Table 2: Kaplan-Meier survival analysis for the relationship between survival time and NOTCH1, TWIST1, SLUG, and ZEB2 signature in breast cancer


























Abbreviations: EMT-TFs, EMT-inducing transcription factors; ZEB1&2, Homo sapiens zinc finger E-box binding homeobox 1 and 2; NOTCH1, Notch homolog 1, translocation-associated; SLUG, Zinc finger protein; PPS, post progression survival; LSD, least significant difference; RFS, relapse free survival; OS, overall survival; DMFS, distant metastasis free survival.

In considering both tumor and normal samples, miR-34a was inversely correlated with NOTCH1 (r = −0.563, P = 0.001; Figure 5A), SLUG (r = −0.374, P = 0.009; Figure 5B), ZEB1 (r = −0.505, P = 0.001; Figure 5C), and ZEB2 (r = −0.317, P = 0.028; Figure 5D) expressions. We found that TWIST1 ratios were not significantly correlated with the frequencies of miR-34a expression (r = −0.093, P = 0.532; data not shown). Therefore, we proposed that EMT-TFs over-expression might suppress miR-34a expression of BC.

Correlations between relative expression levels of NOTCH1 A., SLUG B., ZEB1 C., and ZEB2 D. with miR-34a expression level.

Figure 5: Correlations between relative expression levels of NOTCH1 A., SLUG B., ZEB1 C., and ZEB2 D. with miR-34a expression level. Data indicate significantly negative associations in EMT-TFs and miR-34a expressions in MBC patients. The diamond indicates human BC specimens (n = 33), and circles represent paired adjacent normal tissue (n = 15). Data were analyzed by Spearman's rank correlation coefficient.

MicroRNA-34A inhibits BC progression by targeting TWIST1, NOTCH1, and ZEB1

We next explored whether miR-34a is able to directly target NOTCH1, TWIST1 and ZEB1 gene expression at the post-transcriptional level by regulating the activity of mRNA (Figure 6). First, prediction on-line databases, like miR base databases, identified that NOTCH1, TWIST1 and ZEB1 were potential downstream targets of miR-34a through their interactions in the 3’-UTR region (Figure 6A). Thus, luciferase reporter assays carried out by co-transfection of different amount of pre-miR-34a (0, 10, 30, and 90 ng each well) along with NOTCH1, TWIST1 and ZEB1 wild-type 3’-UTR reporter genes respectively in BT-549 cells contributed to significant reductions in luciferase activity (Figures 6B-6D). Luciferase activities are significantly reduced in a dose dependent manner in all NOTCH1, TWIST1 and ZEB1 reporter genes. However, co-transfection of miR-34a, along with the NOTCH1, TWIST1, and ZEB1-mut 3’-UTR or control reporter genes, did not show significant effects on the luciferase activity. These results suggested that miR-34a directly targets multiple genes of NOTCH1, TWIST1, and ZEB1 in vitro.

TWIST1, NOTCH1 and ZEB1 are direct targets of miR-34a.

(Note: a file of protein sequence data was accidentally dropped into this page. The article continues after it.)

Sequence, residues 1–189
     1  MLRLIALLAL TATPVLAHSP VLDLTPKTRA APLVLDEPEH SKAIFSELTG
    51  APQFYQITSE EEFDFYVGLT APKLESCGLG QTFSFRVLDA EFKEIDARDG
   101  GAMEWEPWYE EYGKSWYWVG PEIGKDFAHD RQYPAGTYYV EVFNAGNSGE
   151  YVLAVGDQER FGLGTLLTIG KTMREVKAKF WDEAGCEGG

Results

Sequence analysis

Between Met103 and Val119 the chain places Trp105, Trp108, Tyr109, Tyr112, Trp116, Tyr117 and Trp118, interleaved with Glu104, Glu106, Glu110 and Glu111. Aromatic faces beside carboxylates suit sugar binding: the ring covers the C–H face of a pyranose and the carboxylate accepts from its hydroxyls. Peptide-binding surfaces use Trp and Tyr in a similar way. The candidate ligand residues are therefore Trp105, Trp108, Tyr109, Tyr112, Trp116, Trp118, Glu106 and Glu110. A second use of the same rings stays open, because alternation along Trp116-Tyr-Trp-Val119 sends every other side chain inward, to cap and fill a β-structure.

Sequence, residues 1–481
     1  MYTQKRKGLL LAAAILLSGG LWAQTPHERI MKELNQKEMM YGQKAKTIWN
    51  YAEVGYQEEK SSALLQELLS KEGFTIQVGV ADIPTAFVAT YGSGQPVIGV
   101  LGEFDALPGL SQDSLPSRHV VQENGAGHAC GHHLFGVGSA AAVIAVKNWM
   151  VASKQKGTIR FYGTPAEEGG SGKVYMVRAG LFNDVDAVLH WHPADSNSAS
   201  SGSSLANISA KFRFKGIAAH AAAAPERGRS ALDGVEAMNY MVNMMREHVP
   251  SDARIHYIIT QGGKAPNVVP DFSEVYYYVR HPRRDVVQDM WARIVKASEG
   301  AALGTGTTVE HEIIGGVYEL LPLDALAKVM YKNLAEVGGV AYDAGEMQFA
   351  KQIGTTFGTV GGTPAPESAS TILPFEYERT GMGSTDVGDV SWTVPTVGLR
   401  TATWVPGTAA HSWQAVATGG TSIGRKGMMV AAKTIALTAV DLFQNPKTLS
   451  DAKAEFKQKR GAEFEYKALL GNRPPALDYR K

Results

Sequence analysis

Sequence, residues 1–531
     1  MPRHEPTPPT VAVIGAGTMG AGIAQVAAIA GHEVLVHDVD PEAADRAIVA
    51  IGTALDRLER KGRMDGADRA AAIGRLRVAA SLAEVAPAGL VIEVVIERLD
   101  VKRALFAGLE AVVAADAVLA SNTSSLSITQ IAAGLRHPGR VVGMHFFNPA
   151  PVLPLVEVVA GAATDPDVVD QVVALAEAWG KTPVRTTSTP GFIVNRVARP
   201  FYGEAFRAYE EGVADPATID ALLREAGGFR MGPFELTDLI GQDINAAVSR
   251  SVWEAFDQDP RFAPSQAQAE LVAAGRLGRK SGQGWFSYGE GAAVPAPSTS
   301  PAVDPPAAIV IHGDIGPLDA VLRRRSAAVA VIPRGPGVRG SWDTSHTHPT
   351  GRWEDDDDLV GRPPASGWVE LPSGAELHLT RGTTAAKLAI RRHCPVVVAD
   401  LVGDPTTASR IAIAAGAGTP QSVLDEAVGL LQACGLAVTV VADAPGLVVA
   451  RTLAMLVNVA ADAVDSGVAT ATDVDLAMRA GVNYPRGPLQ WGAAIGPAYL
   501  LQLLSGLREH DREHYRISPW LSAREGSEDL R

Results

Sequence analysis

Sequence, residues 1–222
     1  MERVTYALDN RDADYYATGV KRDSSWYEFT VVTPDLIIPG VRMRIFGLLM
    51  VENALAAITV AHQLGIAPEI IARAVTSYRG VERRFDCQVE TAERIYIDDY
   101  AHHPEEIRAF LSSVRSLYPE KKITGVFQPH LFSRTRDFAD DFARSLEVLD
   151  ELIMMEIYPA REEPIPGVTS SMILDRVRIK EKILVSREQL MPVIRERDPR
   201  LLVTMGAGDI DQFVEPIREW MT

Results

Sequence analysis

Figure 6: TWIST1, NOTCH1 and ZEB1 are direct targets of miR-34a. A. miR-34a binding sequences at the 3’-UTR of NOTCH1, TWIST1 and ZEB1. Mutation was generated in the NOTCH1, and ZEB1 3’UTR sequence in the complementary site for the seed region of miR-34a. BT-549 cells were transfected with either the wild-type or mutant NOTCH1 B., TWIST1 C., ZEB1 D. -3’UTR luciferase reporter genes, together with different concentrations of miR-34a mimic or controls (0, 10, 30, and 90 ng). The relative luciferase values were measured and normalized by luciferase reporter assay after 48 h. NOTCH1, TWIST1, and ZEB1 expression were directly down-regulated by miR-34a. All data were showed with mean ± SD. Similar results were obtained from three independent experiments. (* P<0.05 and ** P<0.001 versus 0 ng treated group).

Co-delivery of miR-34A and Thymoquinone inhibits BC metastasis by regulating EMT-TFs

Our previous investigation reported that Thymoquinone (TQ), small molecular component of Nigella sativa, could be used as an inhibitor of cancer growth and metastasis [35]. The epigenetic modulation of the EMT promoter is associated with TWIST1 and cadherins down-regulation and metastasis by TQ treatment in BC cells [35]. With this background, we investigated the synergistic effects of TQ and miR-34a on the expression of EMT-associated proteins. Cancer cells were treated with TQ, pre-miRNAs vector, or both. Both proteins and gene analysis showed that TQ+miR-34a significantly inhibited the mRNA level expression of NOTCH1 (P = 0.073; Figure 7A) TWIST1 (P = 0.062; Figure 7B) and ZEB1 (P = 0.005; Figure 7C) in the BT-549 cell line. However, no significant changes in NOTCH1 and ZEB1 expression were observed in the TQ treated groups (Figures 7A and 7C, respectively). Interestingly, the protein levels of ZEB2 and SLUG were expressed minimally or completely unexpressed in three groups in comparison to the control. In addition, some extent of reduction in ZEB2 was also observed, by TQ through either treatment or miR-34a overexpression (Supplementary Figure 3). Thus, the obtained data proposes that co-delivery of TQ and miR-34a could produce synergistic effects on tumor growth and migrations.